1. Speak Study Guide English I CP II
2. Question #1 Trojans -> Blue Devils -> Tigers -> Wombats -> Hornets
The Trojans are sexual (condoms) with “evil” implications. The Devils aren’t sexual, but are still “evil.” The Tigers are still violent. The school board made these choices. The student choice – the Wombats – is the only innocent choice. The Hornets, chosen by the principal, become the “horny” hornets, another sexual mascot.
3. Questions #2-3 She feels out of place and isolated; therefore, she doesn’t feel good about herself.
This style emphasizes Melinda’s silence.
4. Question #4 Art will allow Melinda to express her emotions and find her soul.
Slicing the picture shows the effect of Mr. Freeman’s suppressed anger and the result of being silenced from freely expressing himself.
Mr. Freeman is talking about art, but this statement can also be applied to life. Melinda has to be confident and strong enough to stand alone in order to find the strength she needs to speak up and talk about her experience.
This is personal advice since Melinda has been very lethargic and passive. She needs to get out and experience life, and make it her own. She needs to breathe life into her own life. She needs to understand that it’s okay to have imperfections.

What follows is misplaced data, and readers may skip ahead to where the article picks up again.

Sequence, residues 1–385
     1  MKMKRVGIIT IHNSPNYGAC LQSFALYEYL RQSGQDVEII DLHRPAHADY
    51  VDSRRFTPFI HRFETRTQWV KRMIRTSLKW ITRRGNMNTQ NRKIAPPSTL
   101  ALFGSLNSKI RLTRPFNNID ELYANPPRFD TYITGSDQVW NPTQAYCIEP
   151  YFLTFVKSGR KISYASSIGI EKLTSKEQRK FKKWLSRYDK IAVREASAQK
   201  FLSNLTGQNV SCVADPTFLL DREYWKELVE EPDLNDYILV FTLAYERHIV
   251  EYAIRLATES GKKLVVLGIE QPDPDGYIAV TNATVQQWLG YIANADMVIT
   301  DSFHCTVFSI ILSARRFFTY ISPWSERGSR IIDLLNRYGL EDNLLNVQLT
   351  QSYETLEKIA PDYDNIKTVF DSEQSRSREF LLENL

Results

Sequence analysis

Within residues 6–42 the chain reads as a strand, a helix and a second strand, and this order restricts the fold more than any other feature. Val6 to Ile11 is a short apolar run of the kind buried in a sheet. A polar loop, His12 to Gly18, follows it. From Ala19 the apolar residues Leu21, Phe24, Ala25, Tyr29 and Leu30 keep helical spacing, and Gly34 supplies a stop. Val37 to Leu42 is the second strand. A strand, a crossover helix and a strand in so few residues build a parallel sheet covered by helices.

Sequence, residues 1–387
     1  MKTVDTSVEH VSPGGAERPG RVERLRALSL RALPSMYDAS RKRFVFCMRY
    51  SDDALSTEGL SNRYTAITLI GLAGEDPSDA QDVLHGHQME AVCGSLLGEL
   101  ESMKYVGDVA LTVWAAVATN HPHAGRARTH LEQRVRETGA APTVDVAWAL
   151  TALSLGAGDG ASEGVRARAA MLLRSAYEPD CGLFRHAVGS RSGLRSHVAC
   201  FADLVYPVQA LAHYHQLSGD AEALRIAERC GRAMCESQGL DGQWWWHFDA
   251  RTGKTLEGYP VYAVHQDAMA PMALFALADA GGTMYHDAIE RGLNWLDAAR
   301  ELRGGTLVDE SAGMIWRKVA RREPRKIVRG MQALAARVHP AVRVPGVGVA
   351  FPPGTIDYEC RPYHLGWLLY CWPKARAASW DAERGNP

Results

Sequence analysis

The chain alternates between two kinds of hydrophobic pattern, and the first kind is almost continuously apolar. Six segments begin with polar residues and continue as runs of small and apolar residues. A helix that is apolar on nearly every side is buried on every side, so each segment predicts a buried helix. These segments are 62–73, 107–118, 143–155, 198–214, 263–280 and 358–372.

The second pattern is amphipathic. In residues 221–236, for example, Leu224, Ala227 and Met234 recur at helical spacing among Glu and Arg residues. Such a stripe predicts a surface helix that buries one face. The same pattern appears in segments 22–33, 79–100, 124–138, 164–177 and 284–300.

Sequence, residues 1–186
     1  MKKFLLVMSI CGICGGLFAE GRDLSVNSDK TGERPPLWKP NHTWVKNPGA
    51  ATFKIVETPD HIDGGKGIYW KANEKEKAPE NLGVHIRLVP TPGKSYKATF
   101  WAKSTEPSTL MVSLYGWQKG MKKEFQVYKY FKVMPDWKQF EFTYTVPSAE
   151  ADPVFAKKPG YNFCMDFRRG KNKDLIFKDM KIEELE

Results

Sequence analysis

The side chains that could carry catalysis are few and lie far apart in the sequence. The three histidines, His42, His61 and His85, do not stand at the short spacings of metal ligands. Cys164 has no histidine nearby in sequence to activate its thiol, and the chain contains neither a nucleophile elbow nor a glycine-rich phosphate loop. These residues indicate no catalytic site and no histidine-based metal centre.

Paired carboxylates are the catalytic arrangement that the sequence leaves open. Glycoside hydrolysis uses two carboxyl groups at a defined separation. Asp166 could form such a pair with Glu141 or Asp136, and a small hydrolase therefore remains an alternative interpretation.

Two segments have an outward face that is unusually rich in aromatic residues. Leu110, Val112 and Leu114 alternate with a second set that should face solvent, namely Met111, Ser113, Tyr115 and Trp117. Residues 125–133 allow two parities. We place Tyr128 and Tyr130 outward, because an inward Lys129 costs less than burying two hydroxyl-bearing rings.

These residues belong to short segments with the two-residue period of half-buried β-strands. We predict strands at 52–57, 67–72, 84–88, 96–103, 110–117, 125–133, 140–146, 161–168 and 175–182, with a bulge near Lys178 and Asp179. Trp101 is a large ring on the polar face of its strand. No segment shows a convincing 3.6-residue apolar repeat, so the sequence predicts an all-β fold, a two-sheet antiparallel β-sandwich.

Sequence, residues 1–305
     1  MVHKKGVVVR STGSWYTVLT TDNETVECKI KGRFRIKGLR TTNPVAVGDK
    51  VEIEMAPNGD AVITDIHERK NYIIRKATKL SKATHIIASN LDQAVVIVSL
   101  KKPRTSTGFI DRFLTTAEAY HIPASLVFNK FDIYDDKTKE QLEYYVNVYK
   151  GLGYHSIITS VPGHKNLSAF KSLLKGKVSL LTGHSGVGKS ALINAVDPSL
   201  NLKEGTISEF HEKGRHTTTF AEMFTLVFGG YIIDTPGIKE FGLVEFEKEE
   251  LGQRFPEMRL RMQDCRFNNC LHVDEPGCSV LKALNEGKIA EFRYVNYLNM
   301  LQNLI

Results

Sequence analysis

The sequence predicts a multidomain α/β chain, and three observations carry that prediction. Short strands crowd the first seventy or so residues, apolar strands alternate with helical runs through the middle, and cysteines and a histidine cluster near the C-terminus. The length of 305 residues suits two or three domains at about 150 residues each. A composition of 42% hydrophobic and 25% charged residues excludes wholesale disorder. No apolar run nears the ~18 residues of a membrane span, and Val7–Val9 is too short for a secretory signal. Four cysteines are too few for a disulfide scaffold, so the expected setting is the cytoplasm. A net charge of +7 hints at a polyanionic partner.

5. Questions #5-6 Melinda is growing and changing, so the room decorated in 5th grade no longer reflects who she is. However, she is growing and changing so constantly, she doesn’t know what her identity actually is.
“Right People” shows the power of popularity and image in high school. Heather wants to be accepted and wants to find friends.
6. Questions #7-8 Without a name, the narrator could be anyone, even the reader herself or a close friend of the reader. She has no identity, and at the high school, students without an image are worthless, nothing.
It’s getting more difficult for her to talk (50-51). She describes a “beast” inside of her trying to get out (51).
7. Question #9-10 This shows perseverance. Melinda is growing through the story because she didn’t show this trait before. She is slowly discovering who she is.
The turkey memorial hints at the idea of avoiding something because of its appearance (you don’t want to look at a problem, a person, etc. because of the way it looks).
8. Question #11 Melinda sets up the Christmas tree and remembers when she told her parents she knew about the Santa Claus myth: “I bet they’d be divorced by now if I hadn’t been born. I’m sure I was a huge disappointment. I’m not pretty or smart or athletic. I’m just like them – an ordinary drone dressed in secrets and lies” (70). This reveals that Melinda’s parents, like her, keep bad things (like a failed marriage) hidden from everyone else in order to keep up appearances. This might explain why Melinda is so reluctant to reveal her secret – her parents can’t deal with the truth because they are too immersed in their lies. Melinda has become accustomed to not dealing with emotions and keeping them silent so as not to disrupt the household.